Building work is underway on a new diagnostic hub at the Friarage Hospital in Northallerton.
The new hub, located on the hospital’s former ward 15, will provide state-of-the-art facilities for patients undergoing urology and endoscopy procedures when it opens in the summer of 2022.
The new development is just the latest in a series of clinically-led changes at the Friarage over the last 18-months which have included:
- The creation of a new eye outpatients department.
- A new rapid diagnostic centre to support patients with non-specific (vague) symptoms that may be due to cancer.
- A new renal unit to dialyse up to 10 patients, reducing the need for them to travel to Middlesbrough or Darlington for dialysis.
The start of work on the hospital’s new diagnostic hub will be followed next week by the removal of disused buildings on the site which were built more than 70 years ago.
The redundant buildings (the old physiotherapy and education blocks) were built during the Second World War and, as well as reducing maintenance, heating and other costs which can be recycled into frontline patient services, their removal will clear the way for more developments at the hospital in the future.
These include plans to replace the Friarage’s aging theatre block with new modern operating theatres. The plans for the new theatre block will go through regional and national business case development, assurance and approval processes before they can be given the go-ahead.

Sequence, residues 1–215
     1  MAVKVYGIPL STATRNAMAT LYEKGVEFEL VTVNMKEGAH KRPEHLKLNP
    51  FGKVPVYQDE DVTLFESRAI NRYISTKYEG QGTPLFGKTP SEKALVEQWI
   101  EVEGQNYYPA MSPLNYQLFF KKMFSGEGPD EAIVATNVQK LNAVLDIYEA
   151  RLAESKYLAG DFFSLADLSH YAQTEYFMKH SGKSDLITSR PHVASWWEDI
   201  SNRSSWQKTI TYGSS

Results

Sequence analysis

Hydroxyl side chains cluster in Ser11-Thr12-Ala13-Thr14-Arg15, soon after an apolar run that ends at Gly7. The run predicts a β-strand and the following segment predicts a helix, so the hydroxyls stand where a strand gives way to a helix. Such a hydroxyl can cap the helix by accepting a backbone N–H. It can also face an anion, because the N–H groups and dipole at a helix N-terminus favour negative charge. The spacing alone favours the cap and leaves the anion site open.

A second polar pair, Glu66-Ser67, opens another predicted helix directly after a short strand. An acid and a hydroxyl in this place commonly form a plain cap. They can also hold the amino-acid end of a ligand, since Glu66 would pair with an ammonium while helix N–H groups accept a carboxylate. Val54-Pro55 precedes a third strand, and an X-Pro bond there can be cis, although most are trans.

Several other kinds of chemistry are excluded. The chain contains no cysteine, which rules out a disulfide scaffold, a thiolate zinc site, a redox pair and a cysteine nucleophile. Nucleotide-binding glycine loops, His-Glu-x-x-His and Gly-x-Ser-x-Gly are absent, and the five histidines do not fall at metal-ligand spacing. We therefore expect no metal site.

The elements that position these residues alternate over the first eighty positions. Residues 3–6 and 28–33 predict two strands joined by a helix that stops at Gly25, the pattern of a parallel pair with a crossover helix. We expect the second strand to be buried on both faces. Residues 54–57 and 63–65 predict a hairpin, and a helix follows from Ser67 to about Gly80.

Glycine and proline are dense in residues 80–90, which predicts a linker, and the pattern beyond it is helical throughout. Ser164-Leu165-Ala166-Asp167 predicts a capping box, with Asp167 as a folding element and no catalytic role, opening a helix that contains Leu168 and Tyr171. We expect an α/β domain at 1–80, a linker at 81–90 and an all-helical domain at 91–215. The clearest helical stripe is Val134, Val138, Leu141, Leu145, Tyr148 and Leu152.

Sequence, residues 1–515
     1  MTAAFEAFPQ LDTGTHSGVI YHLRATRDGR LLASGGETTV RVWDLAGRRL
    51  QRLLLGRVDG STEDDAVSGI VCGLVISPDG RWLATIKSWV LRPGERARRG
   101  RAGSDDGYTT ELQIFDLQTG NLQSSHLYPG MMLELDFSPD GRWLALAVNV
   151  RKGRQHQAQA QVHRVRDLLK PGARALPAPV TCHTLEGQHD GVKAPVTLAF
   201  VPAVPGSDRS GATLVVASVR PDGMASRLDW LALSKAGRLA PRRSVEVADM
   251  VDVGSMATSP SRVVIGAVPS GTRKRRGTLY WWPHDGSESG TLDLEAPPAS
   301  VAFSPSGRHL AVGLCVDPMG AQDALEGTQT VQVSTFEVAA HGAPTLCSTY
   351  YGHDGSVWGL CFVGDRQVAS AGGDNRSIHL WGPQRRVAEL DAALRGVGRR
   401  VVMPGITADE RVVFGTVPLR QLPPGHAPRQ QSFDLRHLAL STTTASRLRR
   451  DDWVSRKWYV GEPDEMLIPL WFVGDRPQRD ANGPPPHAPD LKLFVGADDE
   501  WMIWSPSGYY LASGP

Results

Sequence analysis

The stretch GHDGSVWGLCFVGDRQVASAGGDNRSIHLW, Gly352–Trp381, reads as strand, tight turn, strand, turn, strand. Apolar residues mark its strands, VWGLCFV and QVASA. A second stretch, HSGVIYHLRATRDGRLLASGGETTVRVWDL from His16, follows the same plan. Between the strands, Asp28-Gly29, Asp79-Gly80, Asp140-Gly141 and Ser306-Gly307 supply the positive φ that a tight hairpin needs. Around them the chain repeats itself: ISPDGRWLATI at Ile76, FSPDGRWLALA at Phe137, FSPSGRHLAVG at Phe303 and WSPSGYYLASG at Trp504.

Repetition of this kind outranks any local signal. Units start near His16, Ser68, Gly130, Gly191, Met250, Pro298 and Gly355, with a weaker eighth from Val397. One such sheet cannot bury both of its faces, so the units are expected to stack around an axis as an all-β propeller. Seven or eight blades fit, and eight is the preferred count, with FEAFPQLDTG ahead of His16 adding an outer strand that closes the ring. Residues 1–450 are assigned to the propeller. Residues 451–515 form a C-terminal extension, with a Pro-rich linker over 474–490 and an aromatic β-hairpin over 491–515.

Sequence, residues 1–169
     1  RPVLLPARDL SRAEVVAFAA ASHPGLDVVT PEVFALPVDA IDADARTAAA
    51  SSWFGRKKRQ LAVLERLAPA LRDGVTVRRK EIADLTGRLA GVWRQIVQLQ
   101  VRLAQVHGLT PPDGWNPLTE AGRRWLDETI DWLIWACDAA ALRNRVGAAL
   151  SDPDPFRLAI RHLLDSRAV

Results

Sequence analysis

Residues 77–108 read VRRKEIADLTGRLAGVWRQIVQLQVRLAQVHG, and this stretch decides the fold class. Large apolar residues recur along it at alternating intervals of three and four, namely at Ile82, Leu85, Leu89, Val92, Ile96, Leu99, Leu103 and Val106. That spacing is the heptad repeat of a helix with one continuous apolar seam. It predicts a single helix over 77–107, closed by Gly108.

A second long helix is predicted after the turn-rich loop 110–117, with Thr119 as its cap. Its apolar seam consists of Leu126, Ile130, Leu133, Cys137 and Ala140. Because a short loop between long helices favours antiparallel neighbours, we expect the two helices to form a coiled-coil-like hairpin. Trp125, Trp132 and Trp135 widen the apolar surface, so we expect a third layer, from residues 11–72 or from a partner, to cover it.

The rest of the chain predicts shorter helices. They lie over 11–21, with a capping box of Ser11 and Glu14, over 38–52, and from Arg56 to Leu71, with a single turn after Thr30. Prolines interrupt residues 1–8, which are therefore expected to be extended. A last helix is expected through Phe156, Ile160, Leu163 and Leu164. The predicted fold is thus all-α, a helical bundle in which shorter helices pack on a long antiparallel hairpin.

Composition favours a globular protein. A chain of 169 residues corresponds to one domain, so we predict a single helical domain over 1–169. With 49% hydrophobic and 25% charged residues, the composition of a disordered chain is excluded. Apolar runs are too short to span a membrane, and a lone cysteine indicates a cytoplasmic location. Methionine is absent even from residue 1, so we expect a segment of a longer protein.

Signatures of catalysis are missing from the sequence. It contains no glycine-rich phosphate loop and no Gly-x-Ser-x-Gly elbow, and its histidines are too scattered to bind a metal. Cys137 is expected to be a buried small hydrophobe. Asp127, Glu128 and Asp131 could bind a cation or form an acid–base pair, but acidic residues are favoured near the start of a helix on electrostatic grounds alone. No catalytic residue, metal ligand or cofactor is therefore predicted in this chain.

The removal of the old physiotherapy and education blocks will get underway on 11 October and work is expected to take eight weeks to complete.
Dr James Dunbar, is the Chair of the Friarage and community services clinical collaborative at South Tees Hospitals NHS Foundation Trust. He said: “When it opens next year, the new diagnostic hub will improve the experience of patients who will be able to receive their procedures on the same day and avoid the need to book separate appointments on different days.
“The removal of the old and dilapidated war-time buildings is long overdue. The age of the blocks means they are beyond repair but still cost the hospital money to heat and maintain. Taking them down will mean this money can be redirected to patient services and ensure the site is ready for future developments.”